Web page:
1912 A.D.

Ludwig Borchardt batted aside the flaps of his tent. Chisels hitting rock and brushes scraping against sand greeted him. Sounds familiar to an archaeologist, much less the leader of this expedition.

Ludwig tugged at the lapels of his coat, then glanced at the Arab laborer standing behind him. “Where am I needed?”

The Arab blinked at Ludwig’s thick German accent.

“Which direction?” Ludwig repeated.

The Arab shifted, the question sinking in. Ludwig was about to dismiss the Arab for a halfwit, when he pointed to the west. Towards the falling sun.

Ludwig nodded to the laborer. “Thank you, my good fellow.”

The Arab grunted in answer.

Without further words or interaction, Ludwig marched towards the indicated course. His strides, long and determined, carried him passed Amarna’s ruin and rubble. His men, his laborers, paused in their work to throw a glance. Wave a hand. Shout a greeting.

But Ludwig hadn’t the time for camaraderie. News reached him only moments ago of a most wondrous discovery. Something of rare and beautiful value. He needed to view it with his own eyes, for the description given to him by the rumbling Arab laborer did little to sketch an image in his mind.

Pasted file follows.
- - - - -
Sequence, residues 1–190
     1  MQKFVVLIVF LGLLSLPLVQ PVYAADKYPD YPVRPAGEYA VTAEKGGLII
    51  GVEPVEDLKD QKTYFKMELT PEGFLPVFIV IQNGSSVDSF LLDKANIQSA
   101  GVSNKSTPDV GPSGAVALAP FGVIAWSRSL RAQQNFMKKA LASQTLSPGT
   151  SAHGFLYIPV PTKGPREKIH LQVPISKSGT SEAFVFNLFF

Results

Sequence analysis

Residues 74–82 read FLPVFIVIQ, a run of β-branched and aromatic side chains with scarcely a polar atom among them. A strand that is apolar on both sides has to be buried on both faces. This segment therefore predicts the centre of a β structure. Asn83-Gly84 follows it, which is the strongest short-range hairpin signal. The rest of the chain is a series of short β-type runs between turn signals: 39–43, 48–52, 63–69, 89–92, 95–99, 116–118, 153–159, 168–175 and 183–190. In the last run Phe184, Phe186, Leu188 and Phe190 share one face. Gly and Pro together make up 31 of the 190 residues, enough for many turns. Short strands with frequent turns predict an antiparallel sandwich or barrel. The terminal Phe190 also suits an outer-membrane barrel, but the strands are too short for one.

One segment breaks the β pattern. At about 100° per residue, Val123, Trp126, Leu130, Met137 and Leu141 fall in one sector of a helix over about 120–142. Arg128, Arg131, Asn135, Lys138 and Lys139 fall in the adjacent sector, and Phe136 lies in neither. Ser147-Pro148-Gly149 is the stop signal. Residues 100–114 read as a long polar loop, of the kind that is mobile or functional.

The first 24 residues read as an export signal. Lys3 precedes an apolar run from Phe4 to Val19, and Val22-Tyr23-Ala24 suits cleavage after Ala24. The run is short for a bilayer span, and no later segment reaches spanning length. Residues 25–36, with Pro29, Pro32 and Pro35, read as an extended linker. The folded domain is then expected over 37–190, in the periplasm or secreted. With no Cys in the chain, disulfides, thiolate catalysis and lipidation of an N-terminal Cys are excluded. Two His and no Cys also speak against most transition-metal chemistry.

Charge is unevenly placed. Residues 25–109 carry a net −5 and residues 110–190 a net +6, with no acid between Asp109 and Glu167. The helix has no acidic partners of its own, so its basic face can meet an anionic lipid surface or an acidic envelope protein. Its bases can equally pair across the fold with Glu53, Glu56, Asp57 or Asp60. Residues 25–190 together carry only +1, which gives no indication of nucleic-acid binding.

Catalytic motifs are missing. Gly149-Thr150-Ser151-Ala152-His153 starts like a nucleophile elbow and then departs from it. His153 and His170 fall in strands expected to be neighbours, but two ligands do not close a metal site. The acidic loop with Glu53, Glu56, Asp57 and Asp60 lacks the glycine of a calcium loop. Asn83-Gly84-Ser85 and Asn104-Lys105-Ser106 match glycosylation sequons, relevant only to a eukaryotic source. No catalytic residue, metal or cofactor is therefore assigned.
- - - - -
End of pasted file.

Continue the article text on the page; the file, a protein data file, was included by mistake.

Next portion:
The infernal sun beat down on his face as he continued through the excavation site. Sweat trickled down his forehead. He pulled a kerchief from his pocket, wiping away the nuisance. Nothing could stop him in his quest. Not the heat. Not the desert winds. Not the Egyptian gods of old, if it was their will to strike him down.

Ludwig neared the remnants of an artisan’s workshop. The debris once belonged to a man called Thutmose, a sculptor favored by Akhenaten and his royal court. His masterpieces once teemed through Egypt. Now, his name signified little.

Ludwig shouted to a team of men clustered outside the ruins. “What beckons me from my tent?”

A German with graying whiskers volunteered himself. “Come this way, Ludwig.”

The German started inside, and Ludwig followed. He bled anticipation. He floated through excitement, though he kept his calm maintained. No use revealing his curiosity when disappointment might await him.

Ludwig was led into a small room with its walls close to crumbling. Several laborers and their supervisor huddled in a corner around an object. He could not see through their blockading bodies, but exhilaration thrummed through the air.